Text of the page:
There have been many stories regarding the Man in the Iron Mask. A French political prisoner imprisoned at Pignerol in northwestern Italy in about 1681, he died at the age of forty-five in the Bastille in Paris in 1698 and was buried in the cemetery of Saint Paul under the name of Marchioly.
His real identity was kept secret, causing many to speculate about who he really was. The controversial French Enlightenment author Voltaire, who himself was imprisoned for his writings, wrote that the prisoner was the brother of King Louis XIV.
Alexander Dumas, famous for his novel, The Three Musketeers, also touched on this theory in his book, Dix Ans plus tard ou le Vicomte de Bragelonne, or The Man in the Iron Mask. This idea has been carried into movies and television shows as well.
In 1998, MGM released a movie of the same name starring Leonardo DiCaprio, Jeremy Irons, John Malkovich, and Gérard Depardieu.
In this story, the prisoner was the twin brother of King Louis XIV imprisoned so as not to interfere with Louis’ evil and uncaring reign over the starving populace of Paris.
He was rescued by the elderly Musketeers and traded places with the real Louis XIV to save France. The same story was told in the 1977 ITC Entertainment movie starring Richard Chamberlain, Patrick McGoohan, Louis Jourdan, and Ian Holm.
The year 1939 saw the movie release by Edward Small Productions starring Louis Hayward, Warren William, Alan Hale, and Joseph Schildkraut. An animated version of the tale was released by Australian based Burbank Films 1985 using the voices of Colin Friels, John Meillon, and Phillip Hinton.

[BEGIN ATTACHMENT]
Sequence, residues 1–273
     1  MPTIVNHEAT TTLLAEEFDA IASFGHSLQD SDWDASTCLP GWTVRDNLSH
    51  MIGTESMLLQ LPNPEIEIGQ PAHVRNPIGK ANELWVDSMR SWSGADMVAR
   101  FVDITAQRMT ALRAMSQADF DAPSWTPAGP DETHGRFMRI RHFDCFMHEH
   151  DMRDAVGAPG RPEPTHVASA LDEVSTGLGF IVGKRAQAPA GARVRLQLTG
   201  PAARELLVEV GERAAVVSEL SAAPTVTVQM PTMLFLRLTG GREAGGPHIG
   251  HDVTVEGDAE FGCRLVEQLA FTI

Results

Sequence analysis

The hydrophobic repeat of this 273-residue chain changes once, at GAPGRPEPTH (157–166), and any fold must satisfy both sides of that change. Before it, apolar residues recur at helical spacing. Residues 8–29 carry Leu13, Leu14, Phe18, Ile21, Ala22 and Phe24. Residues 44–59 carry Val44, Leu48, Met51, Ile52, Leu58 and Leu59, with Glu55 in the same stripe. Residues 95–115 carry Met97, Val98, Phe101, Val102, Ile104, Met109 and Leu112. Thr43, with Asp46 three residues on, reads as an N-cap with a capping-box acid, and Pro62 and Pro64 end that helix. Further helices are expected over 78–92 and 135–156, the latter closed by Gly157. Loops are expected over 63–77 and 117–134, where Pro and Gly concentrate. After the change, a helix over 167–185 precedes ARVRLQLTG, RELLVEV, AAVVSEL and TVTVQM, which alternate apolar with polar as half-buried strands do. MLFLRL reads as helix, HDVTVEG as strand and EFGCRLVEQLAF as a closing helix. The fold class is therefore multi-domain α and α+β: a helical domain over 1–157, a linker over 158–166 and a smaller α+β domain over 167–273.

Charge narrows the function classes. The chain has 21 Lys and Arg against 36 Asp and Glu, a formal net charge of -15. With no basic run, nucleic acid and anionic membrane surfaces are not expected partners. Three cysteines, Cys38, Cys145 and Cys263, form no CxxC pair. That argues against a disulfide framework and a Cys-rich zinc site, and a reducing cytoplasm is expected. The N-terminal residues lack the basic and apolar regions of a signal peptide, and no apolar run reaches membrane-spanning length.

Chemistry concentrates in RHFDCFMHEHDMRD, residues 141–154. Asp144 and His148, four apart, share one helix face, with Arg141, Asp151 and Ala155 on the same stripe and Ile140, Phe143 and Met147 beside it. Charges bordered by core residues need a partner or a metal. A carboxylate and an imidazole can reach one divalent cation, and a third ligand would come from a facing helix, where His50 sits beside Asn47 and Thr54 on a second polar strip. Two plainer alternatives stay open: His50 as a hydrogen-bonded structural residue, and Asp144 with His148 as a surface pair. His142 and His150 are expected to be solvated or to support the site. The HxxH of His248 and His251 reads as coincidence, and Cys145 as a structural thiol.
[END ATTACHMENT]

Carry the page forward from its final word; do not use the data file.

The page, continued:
The BBC released the now lost nine episodes of an acclaimed television series in 1968 with Nicolas Chagrin, Edwin Richfield, Roger Livesey, and Jack Gwillim in the starring roles.
Television series’ such as Mystery Files, Forbidden History, and Histories Mysteries have all touched on this enduring mystery.
There have also been countless TV episode offerings puns on the name, such as The Man in the Iron Shorts from The Love Boat in 1977, The Man in the Iron Cask from Time Gentlemen Please in 2000, and The Man in the Iron Chair from The Drew Carey Show in 1995.
The story of an imprisoned twin brother of the King has long been discounted as fiction and legend. As with many legends the facts and the fiction become so deeply intertwined it is difficult to separate the two. Historically, it is believed that there was no iron mask.
Most historians agree that the mask was made of black velvet and was only worn when there may have been a danger of the true identity of the prisoner being revealed. Medically speaking, the human skin would not be able to tolerate close contact with a metal mask for so many years without extreme damage to the tissue.
The prisoner was moved to several different locations in France during his time in custody, all equivalent to moves made by prison governor Bénigne d’Auvergne de Saint-Mars.
This suggests that custody of the prisoner was given primarily to the governor. Various beliefs as to the identity of the prisoner range from an unknown English noble to Louis de Bourbon, Comte de Vermandois, the son of Louis XIV and Louise de La Vallière; French playwright, and actor Molière; Ercole Matthioli, a minister of Ferdinand Charles, Duke of Mantua; and Eustache Dauger, a valet.